Next up I had to find a mech equipped with a C3 Master Computer, which is a frustratingly small amount of mechs. I checked the list of C3 master equipped mechs on the wiki, which has a lot of different categories you can search to try to find mechs that fit a given criteria, though not nearly enough categories to be a truly good gameplay aid. After agonizing a bit over my limited selection I chose the Katana CM, as I like the mix of weapons on it and it has a plastic model, so I wouldn’t have to order a metal one if I wanted to use it. The Katana is the Kuritan bootleg of the Crockett, so the Crockett model can be used for either mech. It is frustratingly slow at 54 km/h (3/5), but on the Master Computer mech that is less important, as it is best used hanging back at range to avoid damage and keep the network operating. It also has jump jets, which help, but a 3 hex jump is not particularly impressive. It carries 2 Large Lasers, a SRM-6, and a LBX-10 Autocannon, all of which are pretty decent weapons with alright range, as well as having a decent amount of armor. These mid range type weapons are great for our intended role, as we want it to be in between our fire support and the enemy, so it doesn’t need extreme range for what we want to do with it, but we don’t want a ton of short ranged weapons, because then we will be exposing the Master Computer to too much return fire. It will act as the hub for our C3 system and also is a pretty good line holding mech in its own right. Putting it into Master Unit List puts us at 2828 BV, giving us 2172 more to work with

Ryuken-Yon Dragon. Credit: Jack Hunter

For the next mech, I decided on a Grand Dragon. The Grand Dragon is incredibly fast for a heavy mech at 6/9, and while it doesn’t have jump jets that kind of speed is rare on a heavy mech. I picked the DRG-C as I like its general weapon layout the best, with an ER PPC, an LRM-10, and two Medium Lasers, one of which points backwards because early Battletech was like that sometimes. It has kinda mediocre armor but the speed can help compensate for that, and it acts as a good forwards observer for the C3 lance as it is fast enough to close the distance, but with its long range weapons it also can benefit from other units in the lance being closer, giving it flexibility, which is always good. It also comes at a fairly reasonable amount of BV, 1322. Adding that on Master Unit List gives us 4150 total so far, and 850 left over.

Update: Battletech is a nightmare zone of rules sometimes and I missed the part in the rulebook where they mentioned how C3 is costed. I assumed it was baked in to the unit’s cost, but it is not. Thanks for pointing that out, I would never have re-read that on my own.

Normally this would be where we added another mech, but C3 networks have an additive cost. Basically, you take 5% of the cost of each mech in the network, and add it to the price of every mech in the network. This is usually easy to calculate, but with C3 equipped battle armor it can get strange. After boosting the piloting skill of the Rifleman to 4, we get a BV of 4277. Adding the 15% extra charge for C3 networks leaves us at 4918 BV, and it is profoundly upsetting that there isn’t a decent list building software that would calculate that for me. Sometimes you do end up needing to cut mechs if you want to make a specific gimmick work or fit a few specific mechs into a force, and sometimes advanced technology can drive prices up higher than you expected.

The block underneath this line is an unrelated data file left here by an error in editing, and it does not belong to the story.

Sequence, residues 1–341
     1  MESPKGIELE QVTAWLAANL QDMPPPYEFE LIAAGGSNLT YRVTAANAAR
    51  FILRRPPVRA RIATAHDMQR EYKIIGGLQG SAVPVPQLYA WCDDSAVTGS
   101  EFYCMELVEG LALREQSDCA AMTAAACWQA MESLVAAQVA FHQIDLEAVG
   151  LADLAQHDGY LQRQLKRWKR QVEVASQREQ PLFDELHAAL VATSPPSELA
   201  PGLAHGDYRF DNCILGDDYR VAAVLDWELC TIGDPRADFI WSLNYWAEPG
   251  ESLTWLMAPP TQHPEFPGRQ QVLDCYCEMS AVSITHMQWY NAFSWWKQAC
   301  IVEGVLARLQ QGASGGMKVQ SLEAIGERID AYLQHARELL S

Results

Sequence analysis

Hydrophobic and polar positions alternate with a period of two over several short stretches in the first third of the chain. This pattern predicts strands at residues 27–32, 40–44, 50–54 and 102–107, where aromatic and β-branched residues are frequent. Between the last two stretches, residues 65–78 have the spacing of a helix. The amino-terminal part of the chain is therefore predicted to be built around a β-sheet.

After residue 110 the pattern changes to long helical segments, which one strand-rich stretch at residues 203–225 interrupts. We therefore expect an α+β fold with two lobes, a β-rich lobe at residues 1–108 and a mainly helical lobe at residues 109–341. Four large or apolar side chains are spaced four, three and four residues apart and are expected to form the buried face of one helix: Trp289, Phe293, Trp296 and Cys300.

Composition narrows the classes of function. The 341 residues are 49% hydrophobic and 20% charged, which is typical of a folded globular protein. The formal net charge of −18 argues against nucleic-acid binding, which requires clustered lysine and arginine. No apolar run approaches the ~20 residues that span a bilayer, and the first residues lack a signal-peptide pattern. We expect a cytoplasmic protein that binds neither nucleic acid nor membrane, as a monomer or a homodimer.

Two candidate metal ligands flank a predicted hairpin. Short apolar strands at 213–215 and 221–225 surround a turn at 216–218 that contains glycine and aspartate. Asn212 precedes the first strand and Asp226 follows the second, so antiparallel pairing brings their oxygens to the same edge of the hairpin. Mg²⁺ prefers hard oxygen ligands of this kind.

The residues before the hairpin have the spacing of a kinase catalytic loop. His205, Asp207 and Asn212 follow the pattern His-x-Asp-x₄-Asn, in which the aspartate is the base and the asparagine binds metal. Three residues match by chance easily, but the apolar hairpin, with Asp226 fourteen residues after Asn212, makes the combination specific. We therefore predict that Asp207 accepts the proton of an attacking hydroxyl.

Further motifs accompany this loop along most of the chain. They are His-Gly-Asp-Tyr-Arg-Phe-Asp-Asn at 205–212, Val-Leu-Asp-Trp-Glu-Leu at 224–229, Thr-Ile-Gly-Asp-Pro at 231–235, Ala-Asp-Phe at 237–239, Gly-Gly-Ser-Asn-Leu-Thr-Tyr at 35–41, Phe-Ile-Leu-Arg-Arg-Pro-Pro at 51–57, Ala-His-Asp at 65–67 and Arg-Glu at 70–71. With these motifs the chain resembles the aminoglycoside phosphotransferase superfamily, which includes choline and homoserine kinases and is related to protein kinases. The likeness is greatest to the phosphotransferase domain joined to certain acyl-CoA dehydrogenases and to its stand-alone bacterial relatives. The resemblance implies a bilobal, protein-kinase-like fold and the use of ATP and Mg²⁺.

We can combine the two lances we just made into a single 10000 BV force, made with a mix of both methods and being rather effective. Most large forces you make will be a mix of both of these, as you may only have a few mechs in mind that you absolutely want to use, and just find mechs from your collection to fill the holes in the list. The big takeaway for good force design that I want to come out of this is cohesion. It is infinitely better to make a cohesive, focused force out of mechs that work well together, rather than a scattered mix of random mech variants. Focused forces will usually win, as they can apply their overwhelming strength more effectively than more unfocused forces, who may not have any one thing they do very well. That being said, you don’t want to totally abandon flexibility, as you may end up playing a scenario or a map that doesn’t benefit that strength, so having your mechs, or your force on the whole, be able to do at least one other thing ok is a good idea. For the above forces, the first lance would struggle with an objective heavy game, as they are slow, but half of them still jump and the rest either have ok speed or could cover the more mobile members of their lance. The second force is a fair bit more flexible due to the fact that I hand picked mechs that could do more than one thing, but it would still not like to run into a pulse laser heavy clan force or a mission where they were forced to frontally attack a defended position, because while they are decently durable, they spend too much BV on speed to really have good armor for a siege type attack.

All forces will have weaknesses like this, and sometimes you will end up in games where your force is playing from behind, but if you chose good variants and either started with or found a game plan, you should always have a good chance at winning, especially if your opponent doesn’t have a game plan. Method 1 tends to find the gameplan while picking variants, such as how our formation ended up direct fire heavy, and Method 2 tends to start with the game plan. Information is ammunition and knowing is half the battle, and like, some famous general guy said you needed to know yourself to win, so I guess knowing yourself is 25% of the battle, knowing your enemy is 25% of the battle, and the remaining 50% is dice rolls.